Baby It’s Cold Outside….
AAA has issued a set of “cold weather car tips” in anticipation of the high winds, snow and wind chills expected to arrive today:
*Keep your gas tank at least half full to avoid gas line freeze-up and ensure that you have extra “running time” if the weather is unfavorable.
* Be sure you have the proper amount of antifreeze in your vehicle. Antifreeze works to prevent engine block freezing. Also, be sure to check your entire cooling system, including hoses, belts, and radiator; to make sure it is functioning properly.
* If door locks are frozen, be sure to warm the key or use a lock de-icer. Be sure to never combine heat with lock de-icer as it is flammable. Don’t pour warm water on the car as it may re-freeze, making the situation worse; warming your key first will help heat up the lock from the inside.
* Although modern cars only need 15 to 30 seconds of running time after a cold start, AAA still recommends warming up your vehicle for at least five to 10 minutes before heading out. Warming your vehicle allows oil and the engine to warm up, as well as the heat and defrosting systems. At all times, make sure the exhaust pipe isn’t clogged with snow, ice or mud. A blocked exhaust or exhaust system leak could cause deadly carbon monoxide to leak into the passenger compartment with the engine running.
* Consider winter wiper blades and “no-freeze” windshield washer fluid. Motorists should replace worn wiper blades and always carry extra windshield washer fluid. AAA also recommends not turning your wipers on until they’re clear of ice and snow.
* If possible, avoid using your parking brake in below-freezing weather as it may freeze in the locked position.
* Protect your vehicle from the cold by using a garage if available. Heat from a recently driven vehicle’s engine will warm the ambient air in a properly insulated garage and make your vehicle easier to start in the morning; plus, your vehicle will also be clear of ice and snow.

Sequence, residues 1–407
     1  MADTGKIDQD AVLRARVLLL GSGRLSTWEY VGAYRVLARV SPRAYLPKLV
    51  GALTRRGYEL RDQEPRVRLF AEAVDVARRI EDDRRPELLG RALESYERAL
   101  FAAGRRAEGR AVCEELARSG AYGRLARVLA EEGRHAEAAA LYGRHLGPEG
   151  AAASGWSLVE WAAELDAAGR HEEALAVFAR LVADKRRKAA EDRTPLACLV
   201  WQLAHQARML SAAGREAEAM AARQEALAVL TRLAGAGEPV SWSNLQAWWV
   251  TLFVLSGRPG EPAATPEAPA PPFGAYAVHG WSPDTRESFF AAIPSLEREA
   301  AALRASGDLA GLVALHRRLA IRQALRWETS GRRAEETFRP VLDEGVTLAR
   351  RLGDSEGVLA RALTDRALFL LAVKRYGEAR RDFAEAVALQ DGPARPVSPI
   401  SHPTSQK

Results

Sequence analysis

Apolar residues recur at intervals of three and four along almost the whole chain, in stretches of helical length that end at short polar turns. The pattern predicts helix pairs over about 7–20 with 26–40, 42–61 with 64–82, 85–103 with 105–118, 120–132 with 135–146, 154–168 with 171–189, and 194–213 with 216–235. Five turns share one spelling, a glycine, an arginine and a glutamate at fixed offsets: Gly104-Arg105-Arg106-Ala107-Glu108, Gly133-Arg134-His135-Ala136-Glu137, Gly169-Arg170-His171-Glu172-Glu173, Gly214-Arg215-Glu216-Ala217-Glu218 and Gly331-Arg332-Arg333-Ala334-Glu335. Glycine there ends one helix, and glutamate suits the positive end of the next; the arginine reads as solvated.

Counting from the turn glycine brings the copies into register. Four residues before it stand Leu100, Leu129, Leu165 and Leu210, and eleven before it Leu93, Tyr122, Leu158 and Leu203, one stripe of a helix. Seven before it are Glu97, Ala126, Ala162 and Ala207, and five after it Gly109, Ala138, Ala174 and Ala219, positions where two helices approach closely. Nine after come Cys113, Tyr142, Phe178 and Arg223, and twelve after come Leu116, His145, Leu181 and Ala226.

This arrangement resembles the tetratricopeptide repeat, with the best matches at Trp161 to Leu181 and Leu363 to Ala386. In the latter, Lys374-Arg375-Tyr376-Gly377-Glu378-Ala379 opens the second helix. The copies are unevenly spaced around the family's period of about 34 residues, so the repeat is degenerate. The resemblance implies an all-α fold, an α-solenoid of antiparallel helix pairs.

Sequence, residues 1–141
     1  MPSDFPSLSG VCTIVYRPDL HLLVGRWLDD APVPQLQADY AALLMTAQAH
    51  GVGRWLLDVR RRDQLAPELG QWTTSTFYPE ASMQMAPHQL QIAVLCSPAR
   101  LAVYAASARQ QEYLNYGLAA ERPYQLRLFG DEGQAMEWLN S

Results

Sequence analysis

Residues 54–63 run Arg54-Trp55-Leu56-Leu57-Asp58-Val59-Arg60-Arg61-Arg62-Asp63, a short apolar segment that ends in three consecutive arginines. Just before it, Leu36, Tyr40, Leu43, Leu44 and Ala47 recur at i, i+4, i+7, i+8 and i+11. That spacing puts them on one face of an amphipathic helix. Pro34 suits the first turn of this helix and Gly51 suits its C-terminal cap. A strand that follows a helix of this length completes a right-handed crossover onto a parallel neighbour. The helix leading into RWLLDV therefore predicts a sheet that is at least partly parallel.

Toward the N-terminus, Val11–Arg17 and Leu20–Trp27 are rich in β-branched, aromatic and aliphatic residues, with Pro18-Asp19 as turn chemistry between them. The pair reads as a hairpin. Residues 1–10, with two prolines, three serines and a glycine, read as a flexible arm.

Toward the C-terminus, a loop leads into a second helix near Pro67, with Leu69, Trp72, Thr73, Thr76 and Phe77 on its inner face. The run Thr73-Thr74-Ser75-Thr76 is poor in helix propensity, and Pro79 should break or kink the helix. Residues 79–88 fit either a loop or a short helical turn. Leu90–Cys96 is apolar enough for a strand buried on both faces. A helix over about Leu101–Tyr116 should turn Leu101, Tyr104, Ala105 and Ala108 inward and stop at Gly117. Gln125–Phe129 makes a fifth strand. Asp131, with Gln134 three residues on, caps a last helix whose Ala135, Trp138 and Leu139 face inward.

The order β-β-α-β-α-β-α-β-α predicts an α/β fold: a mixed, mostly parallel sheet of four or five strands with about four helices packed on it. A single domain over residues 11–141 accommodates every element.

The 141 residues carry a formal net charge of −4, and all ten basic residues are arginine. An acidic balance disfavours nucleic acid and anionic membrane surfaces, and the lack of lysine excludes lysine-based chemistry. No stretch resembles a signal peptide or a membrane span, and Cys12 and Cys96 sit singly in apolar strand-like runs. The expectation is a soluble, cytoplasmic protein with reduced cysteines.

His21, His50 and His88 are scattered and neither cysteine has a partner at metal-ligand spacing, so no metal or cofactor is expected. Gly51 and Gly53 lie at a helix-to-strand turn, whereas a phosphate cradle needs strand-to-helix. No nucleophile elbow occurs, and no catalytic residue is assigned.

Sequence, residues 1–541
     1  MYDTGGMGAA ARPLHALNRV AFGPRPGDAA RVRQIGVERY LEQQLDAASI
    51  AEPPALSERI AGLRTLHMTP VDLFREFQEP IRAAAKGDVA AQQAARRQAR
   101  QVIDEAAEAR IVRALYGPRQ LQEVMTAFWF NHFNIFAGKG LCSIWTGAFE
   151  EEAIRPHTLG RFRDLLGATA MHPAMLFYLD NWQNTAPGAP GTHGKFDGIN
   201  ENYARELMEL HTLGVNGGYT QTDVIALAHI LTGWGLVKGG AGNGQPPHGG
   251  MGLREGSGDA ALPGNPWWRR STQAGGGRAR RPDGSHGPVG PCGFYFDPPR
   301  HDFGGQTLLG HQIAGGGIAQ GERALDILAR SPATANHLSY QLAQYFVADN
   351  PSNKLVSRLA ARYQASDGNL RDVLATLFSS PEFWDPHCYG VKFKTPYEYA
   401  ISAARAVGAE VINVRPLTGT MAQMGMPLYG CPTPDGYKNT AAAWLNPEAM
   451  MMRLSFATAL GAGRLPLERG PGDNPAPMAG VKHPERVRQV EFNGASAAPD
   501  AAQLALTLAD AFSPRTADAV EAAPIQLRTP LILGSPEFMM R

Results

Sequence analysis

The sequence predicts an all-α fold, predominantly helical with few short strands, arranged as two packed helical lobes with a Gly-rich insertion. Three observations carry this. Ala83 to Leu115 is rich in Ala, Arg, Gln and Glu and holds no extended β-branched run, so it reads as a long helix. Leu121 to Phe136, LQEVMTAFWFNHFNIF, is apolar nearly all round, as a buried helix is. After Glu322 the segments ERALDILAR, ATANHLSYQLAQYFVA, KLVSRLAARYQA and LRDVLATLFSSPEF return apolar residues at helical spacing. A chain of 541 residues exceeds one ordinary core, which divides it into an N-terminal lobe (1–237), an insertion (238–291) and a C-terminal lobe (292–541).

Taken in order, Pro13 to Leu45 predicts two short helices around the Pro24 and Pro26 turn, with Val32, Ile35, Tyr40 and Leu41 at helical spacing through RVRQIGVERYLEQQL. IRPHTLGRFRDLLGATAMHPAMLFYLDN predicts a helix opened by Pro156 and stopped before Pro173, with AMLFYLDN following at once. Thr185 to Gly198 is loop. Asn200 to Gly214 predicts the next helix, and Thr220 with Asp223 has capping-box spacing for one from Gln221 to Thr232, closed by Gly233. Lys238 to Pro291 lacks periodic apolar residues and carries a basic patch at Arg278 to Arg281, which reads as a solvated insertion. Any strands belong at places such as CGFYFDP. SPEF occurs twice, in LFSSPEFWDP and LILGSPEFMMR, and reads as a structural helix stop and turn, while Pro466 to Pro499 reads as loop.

* Be sure your vehicle is fully equipped with a winter driving kit. The most important safety items are a fully charged cellular telephone and emergency road service coverage; small bag of abrasive material (sand, salt, “non-clumping” kitty litter); a small snow shovel; snow brush and ice scraper; traction mats; flashlight with batteries; windshield washer fluid; cloth or roll of paper towels; booster cables; blanket; protective clothing – heavy gloves, scarf, warm boots; warning devices (triangles); first aid kit.
*Be sure smoke and carbon monoxide detectors are working.
* Don’t use stoves, ovens or grills as sources of heat.
* When using a space heater be sure to keep anything flammable at least three feet away, such as clothing, bedding, paper or rugs. Also, be sure to turn off and unplug space heaters before leaving the room or going to bed.
* Use a glass or metal screen in front of fireplaces to catch sparks of rolling logs.
* Protect your pipes by letting the faucets drip, even at a trickle, in order to prevent them from freezing. Also, keep cabinet doors open near pipes to allow warm air to circulate around them.